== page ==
PATTERSON, JAMES and MICHAEL LEDWIDGE. Now You See Her. New York: Little, Brown and Company, 2011. ISBN: 978-0-316-03621-4. Pp. 383. $27.99.
That's odd. Wasn't I just reading a James Patterson novel whose cover is adorned with a blond woman in a bikini?* I'm referring, of course, to the unimaginatively named novel Swimsuit, which I reviewed here back in February. This week's Patterson novel is totally different. First of all, it's co-written by Michael Ledwidge instead of Maxine Paetro. Secondly, the bikini-clad woman on the cover of the earlier novel is facing the reader, her face obscured by bad lighting. In the latter, the woman has her back to us. I think our inability to see their faces is supposed to indicate that something awful is going to happen to both of them. Something awful happens to both of them.
I enjoyed Now You See Her better than Swimsuit. The heroine, Jeanine/Nina, is ditsy and charming, although her ethical judgment (and, I'm guessing, Patterson's) is appalling. The novel begins with her getting into a drunk driving accident in which she runs over a man walking his dog. The man, we are told, was a drug addict recently released from jail. So when the cop lets Jeanine off the hook, we don't have to feel bad. The man deserved to die anyway, right? At least, that's the reasoning we are given and are obligated to accept. But just in case we can't, however, Jeanine gets off the hook at the very end of the novel, eighteen years later. She didn't kill the drug addict/ex-con after all. He had already been fatally shot by the time she hit him. Problem solved!
As far as a bestselling novel goes, Now You See Her isn't too terrible, perhaps because Patterson borrows so many plots and tropes from other, more masterful, sources. The base of the narrative is akin to the 1991 film "Sleeping with the Enemy," (starring Julia Roberts' hair) in which a woman fakes her death to escape her marriage to a murderously violent husband. There's also a wink to John Grisham's The Confession (which in turn was based on the memoir of David R. Dow, The Autobiography of an Execution). There are also elements taken from "The Shining" ("Heeeere's Johnny!" to be exact), "Psycho," and "American Psycho". All in all a good puzzle of mismatched horror and thriller references to put together. Patterson makes it easy in that he mentions almost every source he uses. Jeanine is a Hitchcock fan; her friend Charlie wants to be the next John Grisham, etc etc. I had fun putting the pieces together. Now that I've given you the parts, I won't need to sum up the plot. You can figure it out on your own!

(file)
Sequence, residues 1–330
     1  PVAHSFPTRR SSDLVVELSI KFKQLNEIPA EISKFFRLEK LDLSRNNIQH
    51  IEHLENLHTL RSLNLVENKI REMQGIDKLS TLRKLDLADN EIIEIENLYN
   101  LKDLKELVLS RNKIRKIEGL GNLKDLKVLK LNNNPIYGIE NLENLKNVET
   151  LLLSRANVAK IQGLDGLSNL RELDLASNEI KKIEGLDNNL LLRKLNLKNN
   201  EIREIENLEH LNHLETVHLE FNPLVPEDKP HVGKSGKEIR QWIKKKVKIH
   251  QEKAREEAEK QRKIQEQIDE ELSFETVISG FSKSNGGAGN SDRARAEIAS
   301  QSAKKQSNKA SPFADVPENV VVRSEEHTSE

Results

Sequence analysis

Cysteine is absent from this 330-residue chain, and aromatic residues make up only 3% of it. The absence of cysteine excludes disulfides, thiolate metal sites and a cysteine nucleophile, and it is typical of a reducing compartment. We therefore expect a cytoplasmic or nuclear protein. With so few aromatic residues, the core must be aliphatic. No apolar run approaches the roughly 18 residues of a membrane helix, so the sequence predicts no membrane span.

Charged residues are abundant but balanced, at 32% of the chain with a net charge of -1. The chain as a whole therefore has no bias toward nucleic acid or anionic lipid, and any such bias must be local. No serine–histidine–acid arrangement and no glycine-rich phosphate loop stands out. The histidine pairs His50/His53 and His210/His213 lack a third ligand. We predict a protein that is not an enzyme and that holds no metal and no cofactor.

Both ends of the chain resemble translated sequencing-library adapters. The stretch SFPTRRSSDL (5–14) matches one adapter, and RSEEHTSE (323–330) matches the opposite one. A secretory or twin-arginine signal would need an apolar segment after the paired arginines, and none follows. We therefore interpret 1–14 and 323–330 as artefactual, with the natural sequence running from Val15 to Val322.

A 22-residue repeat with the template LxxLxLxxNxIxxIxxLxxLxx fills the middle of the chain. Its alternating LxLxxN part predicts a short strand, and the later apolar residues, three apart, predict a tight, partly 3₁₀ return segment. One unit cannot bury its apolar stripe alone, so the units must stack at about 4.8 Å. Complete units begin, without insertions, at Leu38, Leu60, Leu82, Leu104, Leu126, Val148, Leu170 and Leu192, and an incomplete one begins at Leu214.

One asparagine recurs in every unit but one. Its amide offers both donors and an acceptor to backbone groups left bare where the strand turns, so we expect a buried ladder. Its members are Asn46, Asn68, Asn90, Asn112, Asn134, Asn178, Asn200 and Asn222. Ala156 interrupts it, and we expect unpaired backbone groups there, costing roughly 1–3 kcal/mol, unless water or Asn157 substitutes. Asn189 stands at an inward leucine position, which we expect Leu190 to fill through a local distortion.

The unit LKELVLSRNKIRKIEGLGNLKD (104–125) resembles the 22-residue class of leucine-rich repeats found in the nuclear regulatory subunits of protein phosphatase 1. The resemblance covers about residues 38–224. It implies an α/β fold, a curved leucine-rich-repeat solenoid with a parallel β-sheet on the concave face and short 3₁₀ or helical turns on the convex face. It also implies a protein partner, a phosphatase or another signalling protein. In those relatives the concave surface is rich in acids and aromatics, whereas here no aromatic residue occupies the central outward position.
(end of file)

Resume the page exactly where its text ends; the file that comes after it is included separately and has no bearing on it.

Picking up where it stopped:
So, for his next novel, I suggest Patterson incorporate these sources: James Joyce's Ulysses; Robert Musil's The Man Without Qualities, Thomas Pynchon's Gravity's Rainbow, all of William Shakespeare's historical plays, and, finally, the masterpiece science-fiction film "Soylent Green".